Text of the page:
From Financial Analyst to Stage Manager for The TODAY Show
A native New Yorker, born and bred in Brooklyn, Yosef Herzog ’02HS, ’07SB graduated from the Marsha Stern Talmudical Academy/Yeshiva University High School for Boys in 2002, then spent two years in Israel before entering the Sy Syms School of Business in 2004.
At Syms, he pursued a bachelor of science in finance and then in 2007 took a post-graduate job as a financial analyst with The Bank of New York Mellon in mortgage-backed securities, just as the Great Recession kicked into high-gear. “About a year after I went through my interviews,” he said, “The Bank of New York Mellon was one of the few banks left standing.”
But while he liked the work well enough, something else tugged at him. “Growing up, we didn’t have a television,” he recalled, “which made me always want to watch it.” He also had a talent for managing logistics behind the scenes. By happenstance, after a couple of years at the bank, he found himself applying to the NBCUniversal Page Program, described on its website as “a 12-month rotational development experience designed for high potential early career talent.” The Program accepts around 1.5 percent of applicants, reportedly making it more selective than Harvard admissions.
Herzog made it into the program, which set him on the career path of working on assignments at Saturday Night Live and Late Night with Jimmy Fallon and now has him working as a stage manager for The TODAY Show.
“When I was at YU, I didn’t realize that I could have a career in media,” he noted, “because that’s not a real focus of the University. Don’t get me wrong,” he added with a laugh, “I enjoyed my time at YU. I graduated with honors, I made the dean’s list, I got to play NCAA volleyball and I played an important role in student government, but I never thought working in television was an option for me.”
But he’s glad he followed that tug he felt seven years ago, a point he made in a 2013 panel discussion with YU students at the Israel Henry Beren Campus. “I told them that an arts career is possible, even if they didn’t have nearby role models,” he said. “They can pursue those careers if they want to pursue those careers.”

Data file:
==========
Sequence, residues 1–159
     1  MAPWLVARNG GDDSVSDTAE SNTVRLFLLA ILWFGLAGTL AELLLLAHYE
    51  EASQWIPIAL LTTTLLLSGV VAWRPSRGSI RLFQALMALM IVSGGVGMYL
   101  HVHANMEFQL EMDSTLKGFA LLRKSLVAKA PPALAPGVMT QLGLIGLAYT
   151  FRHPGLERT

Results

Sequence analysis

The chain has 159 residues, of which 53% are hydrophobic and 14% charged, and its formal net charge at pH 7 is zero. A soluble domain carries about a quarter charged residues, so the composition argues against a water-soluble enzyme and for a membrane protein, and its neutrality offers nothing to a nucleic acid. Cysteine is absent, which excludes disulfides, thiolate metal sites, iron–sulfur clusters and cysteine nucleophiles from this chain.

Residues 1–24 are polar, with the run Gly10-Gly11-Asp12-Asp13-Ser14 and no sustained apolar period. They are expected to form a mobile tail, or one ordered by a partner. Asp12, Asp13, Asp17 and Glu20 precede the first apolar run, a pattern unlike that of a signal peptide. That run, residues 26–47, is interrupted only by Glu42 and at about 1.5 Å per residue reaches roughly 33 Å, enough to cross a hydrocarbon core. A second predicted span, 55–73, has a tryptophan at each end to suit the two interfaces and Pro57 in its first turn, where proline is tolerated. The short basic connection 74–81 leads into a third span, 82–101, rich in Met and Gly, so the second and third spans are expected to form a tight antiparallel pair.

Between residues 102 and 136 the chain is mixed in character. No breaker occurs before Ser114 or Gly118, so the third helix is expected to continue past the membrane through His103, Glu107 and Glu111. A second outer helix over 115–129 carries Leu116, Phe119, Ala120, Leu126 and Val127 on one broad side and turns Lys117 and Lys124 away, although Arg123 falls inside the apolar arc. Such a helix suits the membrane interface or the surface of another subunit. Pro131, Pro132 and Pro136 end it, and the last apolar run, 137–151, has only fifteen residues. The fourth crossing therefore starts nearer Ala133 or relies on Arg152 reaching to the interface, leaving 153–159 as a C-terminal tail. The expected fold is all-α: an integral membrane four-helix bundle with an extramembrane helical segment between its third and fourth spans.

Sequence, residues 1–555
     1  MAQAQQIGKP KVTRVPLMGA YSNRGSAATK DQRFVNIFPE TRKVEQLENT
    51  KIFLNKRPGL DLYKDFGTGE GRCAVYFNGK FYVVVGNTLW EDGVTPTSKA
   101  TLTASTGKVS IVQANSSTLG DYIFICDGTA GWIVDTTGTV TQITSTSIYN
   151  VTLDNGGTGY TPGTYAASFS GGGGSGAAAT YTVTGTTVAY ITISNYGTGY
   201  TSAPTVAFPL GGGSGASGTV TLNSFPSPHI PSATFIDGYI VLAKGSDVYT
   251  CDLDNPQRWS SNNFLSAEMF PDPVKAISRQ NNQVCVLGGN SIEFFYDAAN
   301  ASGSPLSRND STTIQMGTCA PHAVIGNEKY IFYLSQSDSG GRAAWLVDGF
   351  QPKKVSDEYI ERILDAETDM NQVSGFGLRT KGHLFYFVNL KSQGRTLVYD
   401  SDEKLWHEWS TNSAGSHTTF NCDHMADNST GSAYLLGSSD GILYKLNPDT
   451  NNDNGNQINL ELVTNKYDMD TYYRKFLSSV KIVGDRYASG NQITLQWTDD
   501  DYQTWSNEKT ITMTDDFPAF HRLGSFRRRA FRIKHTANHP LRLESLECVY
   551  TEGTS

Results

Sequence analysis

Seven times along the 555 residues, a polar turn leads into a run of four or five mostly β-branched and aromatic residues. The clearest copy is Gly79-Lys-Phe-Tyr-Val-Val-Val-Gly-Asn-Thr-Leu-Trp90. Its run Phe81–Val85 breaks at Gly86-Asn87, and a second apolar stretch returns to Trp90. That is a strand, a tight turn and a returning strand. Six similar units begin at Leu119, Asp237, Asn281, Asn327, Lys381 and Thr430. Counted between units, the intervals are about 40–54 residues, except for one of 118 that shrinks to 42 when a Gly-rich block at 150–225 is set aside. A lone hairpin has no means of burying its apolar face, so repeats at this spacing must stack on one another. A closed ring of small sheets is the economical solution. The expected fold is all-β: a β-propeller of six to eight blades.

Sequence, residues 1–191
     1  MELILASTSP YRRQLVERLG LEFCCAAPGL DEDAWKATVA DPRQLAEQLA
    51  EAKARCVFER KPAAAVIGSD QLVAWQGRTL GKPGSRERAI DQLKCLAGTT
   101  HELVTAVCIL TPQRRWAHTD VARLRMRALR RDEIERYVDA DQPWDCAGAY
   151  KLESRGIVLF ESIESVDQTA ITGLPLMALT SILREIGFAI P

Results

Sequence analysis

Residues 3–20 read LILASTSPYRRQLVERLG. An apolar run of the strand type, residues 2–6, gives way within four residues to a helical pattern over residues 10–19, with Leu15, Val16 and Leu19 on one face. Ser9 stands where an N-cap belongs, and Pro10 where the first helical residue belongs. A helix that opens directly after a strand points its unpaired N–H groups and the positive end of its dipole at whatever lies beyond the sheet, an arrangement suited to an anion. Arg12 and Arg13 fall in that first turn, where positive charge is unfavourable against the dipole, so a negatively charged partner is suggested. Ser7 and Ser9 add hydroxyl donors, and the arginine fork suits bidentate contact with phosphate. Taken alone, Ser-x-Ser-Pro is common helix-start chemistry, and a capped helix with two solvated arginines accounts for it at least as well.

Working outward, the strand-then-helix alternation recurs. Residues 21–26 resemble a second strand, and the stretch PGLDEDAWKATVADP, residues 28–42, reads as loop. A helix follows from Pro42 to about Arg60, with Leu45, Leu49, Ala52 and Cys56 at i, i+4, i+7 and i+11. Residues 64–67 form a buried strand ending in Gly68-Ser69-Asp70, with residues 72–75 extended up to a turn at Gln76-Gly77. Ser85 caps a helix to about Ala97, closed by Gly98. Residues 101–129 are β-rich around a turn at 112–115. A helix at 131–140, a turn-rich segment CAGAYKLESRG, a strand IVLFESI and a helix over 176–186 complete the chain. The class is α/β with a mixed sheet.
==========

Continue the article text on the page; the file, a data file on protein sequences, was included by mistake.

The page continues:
At the moment, Herzog is content with the work he’s doing. “I love television as a platform,” he noted, “and I love executing the behind-the-scenes work.”
Last year, though, he did have a bit of the limelight with Kathie Lee and Hoda on TODAY. “After graduation, I became a little sedentary,” he said, “and put on over fifty pounds I didn’t need, which flipped a switch in me, so I went from zero to 60 in the opposite direction, changing up my diet and exercise routine and losing the weight.”
Publicists and editors from Men’s Health were often on the show as guests, and noticing his new transformation, they offered to feature him inside the magazine, which appeared in January 2016 (with a buff John Krasinski on the cover).
Hoda and Kathie Lee got wind of it and gave him a little face-time on the show. He used the opportunity to promote The Leukemia & Lymphoma Society (LLS), a charity he was supporting by running a half-marathon. “It was definitely a win-win,” he said. “LLS got a plug, I got a little notice and I ended up raising over $2,500 for the charity.”
Directing may be a possibility in the future, but for right now likes being behind the camera, not in front of it. “I consider myself pretty lucky with my job. I get to travel to amazing places and meet interesting people.” He did say that getting up at 4 a.m. was a bit of a drawback, “but the rest is good.”
While television was not on his professional horizon as a student, his education at YU prepared him for pursuing any career he chose to pursue. “You come out with a four-year degree, you’re competent and you can pretty much do whatever you want to do,” he said.
And the key to success, no matter what the degree? “You’re never going to have the exact experience that an employer is looking for—you’ll have the experience you have—but really you just want to be reliable and competent. Everything else you can learn on the job. Once someone comes to learn that they can rely on you, they’ll like you. It’s really that simple. And then you’ll move up.”
Yosef Herzog’s career is a good example of how being in the right place at the right time combined with perseverance, good humor and patience can land a person in a job that fits well. “You don’t have to stay where you are,” he advised. “You can always find a way to do what you really want to do.”